And yet, no semblance of veil is to be observed on behalf of a sizeable 4KHz peak that serves to increase vocal extension, clarity and openness. There’s also a small 6KHz peak higher up though articulations comes across as relatively accurate to me with a 5KHz trough smoothing off sibilance. Vocals are quite raspy despite being full and well-articulated due to the upper-midrange tuning. They aren’t strident nor thinned out, as the 3KHz tuning ensures positioning remains fairly balanced with the bass, while the full low-end tuning provides robust and well-structured notes. Vocals are presented with good clarity and avoid sounding closed in, thick or overly chesty as a result of this tuning. However, though clear, the FA9 is not to be mistaken as an especially well-defined or separated earphone, rather continuing the theme of its low-end. This is a warm and smooth presentation that retains good vocal clarity and a relatively natural albeit slightly truncated voicing.


Highs –

Highs are crisp with a clean transient response and good resolution too, again, a very noticeable bump over the FA7 that I found quite closed in up top. A small 6KHz bump aids note attack and definition with a 5KHz trough smoothing off articulation and sharpness. As such, details are well-present in the presentation, in line with mids and bass with my preferred tip and switch selection. Note attack is on the smoother side so details are presented in an airier manner over a focussed and aggressive one. Treble instrumentation is also a touch thin albeit crisp and well-defined, flattering percussion and strings in particular. However, though shimmer and decay are only slightly on the quicker side, combined with the thinner instrument body, you may miss some texture on cymbals and high-hats.


Above, there’s good headroom on display with strong extension and background detail retrieval if minimal sparkle in the highest registers. The background itself isn’t especially dark, delivering a bit more air than neutral while retaining cleanliness with no notable peaks. So despite instruments being quite crisp, the presentation is never bright, glaring or splashy, sounding well-controlled. This is overall a nicely refined sound with a light and airy character. It obviously lacks the same balance and technical ability of most high-end IEMs but also represents a clear step up from cheaper earphones too. Altogether, this is a good performance for the asking price and a very well-considered tuning that injects a bit of energy and openness into a sound that might otherwise become bogged down by its warmth and body.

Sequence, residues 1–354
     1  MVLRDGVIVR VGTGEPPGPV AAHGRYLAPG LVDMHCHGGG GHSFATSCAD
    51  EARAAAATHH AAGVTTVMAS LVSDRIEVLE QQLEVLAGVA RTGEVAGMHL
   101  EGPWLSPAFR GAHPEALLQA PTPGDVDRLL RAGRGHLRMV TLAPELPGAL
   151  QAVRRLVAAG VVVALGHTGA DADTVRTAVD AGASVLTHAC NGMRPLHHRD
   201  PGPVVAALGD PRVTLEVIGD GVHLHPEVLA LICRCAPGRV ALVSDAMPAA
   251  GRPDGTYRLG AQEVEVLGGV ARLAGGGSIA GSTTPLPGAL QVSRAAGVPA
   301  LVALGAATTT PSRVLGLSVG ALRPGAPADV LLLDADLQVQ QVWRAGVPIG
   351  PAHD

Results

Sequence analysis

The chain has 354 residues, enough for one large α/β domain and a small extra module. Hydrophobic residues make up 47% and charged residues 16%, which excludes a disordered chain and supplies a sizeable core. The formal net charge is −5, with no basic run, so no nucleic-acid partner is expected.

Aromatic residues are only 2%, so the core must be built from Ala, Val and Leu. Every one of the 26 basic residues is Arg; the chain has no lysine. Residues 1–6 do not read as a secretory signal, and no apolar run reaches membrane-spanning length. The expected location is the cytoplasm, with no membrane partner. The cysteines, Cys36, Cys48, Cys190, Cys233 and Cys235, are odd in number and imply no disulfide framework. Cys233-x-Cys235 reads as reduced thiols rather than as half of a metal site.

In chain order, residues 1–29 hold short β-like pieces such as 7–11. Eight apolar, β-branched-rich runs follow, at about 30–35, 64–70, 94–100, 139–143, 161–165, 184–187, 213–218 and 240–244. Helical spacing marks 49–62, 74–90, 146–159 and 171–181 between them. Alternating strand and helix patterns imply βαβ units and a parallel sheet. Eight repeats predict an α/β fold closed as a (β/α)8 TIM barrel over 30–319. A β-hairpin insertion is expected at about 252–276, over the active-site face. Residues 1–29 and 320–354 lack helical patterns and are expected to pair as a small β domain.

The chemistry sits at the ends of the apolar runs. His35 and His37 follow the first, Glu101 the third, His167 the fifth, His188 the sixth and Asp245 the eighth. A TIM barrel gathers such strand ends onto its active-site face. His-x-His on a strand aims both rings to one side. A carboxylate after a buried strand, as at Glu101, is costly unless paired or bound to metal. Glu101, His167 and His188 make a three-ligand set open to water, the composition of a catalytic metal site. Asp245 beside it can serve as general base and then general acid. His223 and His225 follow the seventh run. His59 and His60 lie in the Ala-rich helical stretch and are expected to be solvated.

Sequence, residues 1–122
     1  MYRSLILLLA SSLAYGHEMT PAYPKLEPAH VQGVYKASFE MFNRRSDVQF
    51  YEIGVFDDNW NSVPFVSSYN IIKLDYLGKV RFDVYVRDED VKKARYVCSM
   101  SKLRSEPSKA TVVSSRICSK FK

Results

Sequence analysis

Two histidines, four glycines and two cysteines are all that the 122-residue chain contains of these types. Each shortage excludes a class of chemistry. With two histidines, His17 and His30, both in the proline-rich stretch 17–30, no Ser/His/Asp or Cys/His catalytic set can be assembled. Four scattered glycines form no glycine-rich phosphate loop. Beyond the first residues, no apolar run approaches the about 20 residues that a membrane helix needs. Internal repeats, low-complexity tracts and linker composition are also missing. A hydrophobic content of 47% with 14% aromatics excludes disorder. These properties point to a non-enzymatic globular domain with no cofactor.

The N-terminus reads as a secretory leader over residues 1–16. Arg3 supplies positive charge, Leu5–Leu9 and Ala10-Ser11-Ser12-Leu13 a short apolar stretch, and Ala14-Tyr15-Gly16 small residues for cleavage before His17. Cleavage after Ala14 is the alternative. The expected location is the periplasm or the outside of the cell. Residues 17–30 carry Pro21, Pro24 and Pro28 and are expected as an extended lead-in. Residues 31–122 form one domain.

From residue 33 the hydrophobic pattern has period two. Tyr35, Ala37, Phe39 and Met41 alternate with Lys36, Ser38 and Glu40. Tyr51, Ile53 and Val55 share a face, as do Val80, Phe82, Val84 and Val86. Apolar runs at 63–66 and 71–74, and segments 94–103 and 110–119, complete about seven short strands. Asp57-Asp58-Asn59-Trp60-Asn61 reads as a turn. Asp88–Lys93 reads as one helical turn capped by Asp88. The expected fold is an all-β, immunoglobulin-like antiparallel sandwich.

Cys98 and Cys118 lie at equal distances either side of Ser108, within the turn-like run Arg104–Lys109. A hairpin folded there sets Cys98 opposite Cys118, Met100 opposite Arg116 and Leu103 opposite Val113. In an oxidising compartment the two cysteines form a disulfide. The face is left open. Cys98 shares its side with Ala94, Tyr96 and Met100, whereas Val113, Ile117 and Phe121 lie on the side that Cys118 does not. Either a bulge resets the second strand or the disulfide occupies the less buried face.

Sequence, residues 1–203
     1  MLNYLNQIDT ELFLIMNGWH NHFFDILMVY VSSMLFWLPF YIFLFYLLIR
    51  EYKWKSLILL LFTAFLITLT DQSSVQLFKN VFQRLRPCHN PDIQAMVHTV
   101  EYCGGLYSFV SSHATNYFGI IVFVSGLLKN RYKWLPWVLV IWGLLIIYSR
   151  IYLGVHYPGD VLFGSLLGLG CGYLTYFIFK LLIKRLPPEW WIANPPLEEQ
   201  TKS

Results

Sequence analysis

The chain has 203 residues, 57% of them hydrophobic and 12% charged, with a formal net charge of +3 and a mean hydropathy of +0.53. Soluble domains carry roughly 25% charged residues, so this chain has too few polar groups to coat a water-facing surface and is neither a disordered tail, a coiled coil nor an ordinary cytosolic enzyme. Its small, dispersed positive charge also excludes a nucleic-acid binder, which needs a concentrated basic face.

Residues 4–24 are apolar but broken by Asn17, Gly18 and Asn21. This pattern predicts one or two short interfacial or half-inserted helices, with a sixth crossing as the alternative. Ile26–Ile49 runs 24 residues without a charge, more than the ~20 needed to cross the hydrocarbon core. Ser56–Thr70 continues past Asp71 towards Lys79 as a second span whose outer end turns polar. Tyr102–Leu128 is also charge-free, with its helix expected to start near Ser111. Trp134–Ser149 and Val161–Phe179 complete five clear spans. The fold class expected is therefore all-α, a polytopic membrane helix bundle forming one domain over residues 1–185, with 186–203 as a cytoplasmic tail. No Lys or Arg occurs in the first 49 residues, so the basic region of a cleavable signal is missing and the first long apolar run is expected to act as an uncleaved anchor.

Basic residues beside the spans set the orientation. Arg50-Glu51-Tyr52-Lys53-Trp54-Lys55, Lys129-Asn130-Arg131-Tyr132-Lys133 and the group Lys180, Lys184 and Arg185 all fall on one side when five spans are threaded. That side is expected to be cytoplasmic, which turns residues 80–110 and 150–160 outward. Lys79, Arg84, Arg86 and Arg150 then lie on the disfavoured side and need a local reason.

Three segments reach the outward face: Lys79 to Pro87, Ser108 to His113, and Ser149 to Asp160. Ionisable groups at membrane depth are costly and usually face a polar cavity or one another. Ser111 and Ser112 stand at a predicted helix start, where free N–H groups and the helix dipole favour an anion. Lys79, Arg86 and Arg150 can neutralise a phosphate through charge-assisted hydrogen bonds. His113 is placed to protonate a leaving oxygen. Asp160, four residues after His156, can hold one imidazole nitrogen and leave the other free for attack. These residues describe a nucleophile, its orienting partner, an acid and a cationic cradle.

Soundstage –

With strong top-end extension and a linear middle-treble, the FA9 is able to create a convincing sense of distance, with width stretching easily beyond the head, being a great performer in this price range. Depth is a good performer too on behalf of well-positioned vocals in addition to a very solid and stable low-end forming a well-rounded presentation. Imaging is concise but lacking the pinpoint sharp localisation of higher-priced models. And, rather than a stable and layered image, the FA9’s airier top-end produces a floatier presentation but, as aforementioned, without the sharp enough localisation to make them holographic. As such, they don’t quite reach the performance bracket where they’d be competing with kilo buck IEMs in terms of technical performance. Tri-frequency separation is good, especially considering the tuning but separation overall is not their strongest point given their fuller voicing. On the contrary, these definitely are not a congested earphone even when listening to already warmer tracks, commendable.


Driveability –

The FA9 has an impedance of 32/16-ohm impedance on high and low -impedance modes respectively. The sensitivity mirrors this at 113/110dB to quote Fiio’s spec page. There is a distinct difference in efficiency between the two modes; when paired with the Shanling M2X I found that volume setting 12 was equivalent to setting 15 when switching from low to high modes. In neither instance was hiss noticeable, however, for noisier sources, the high-impedance mode does effectively filter out a good deal.

Output Impedance Sensitivity

The same goes for output impedance, where the high-impedance mode makes the FA9 substantially less susceptible to signature changes. Comparing the 10-ohm Hiby R6 to the 1-ohm Shanling M2X on the low-impedance setting revealed an immediately leaner and brighter sound. However, when switching to the high-impedance setting, the effects were drastically lower, sounding very similar. Vocals were a bit thinner and shoutier, but bass presence remained sound and overall, a very palatable and balanced sound.

Driving Power

It did sound a little better through my Khadas Tone Board + THX789 desktop setup, gaining more sub-bass authority and a bit more body in the midrange. However, overall, the FA9 is an easy earphone to drive, not requiring excessive driving power and playing well with a variety of source signatures too.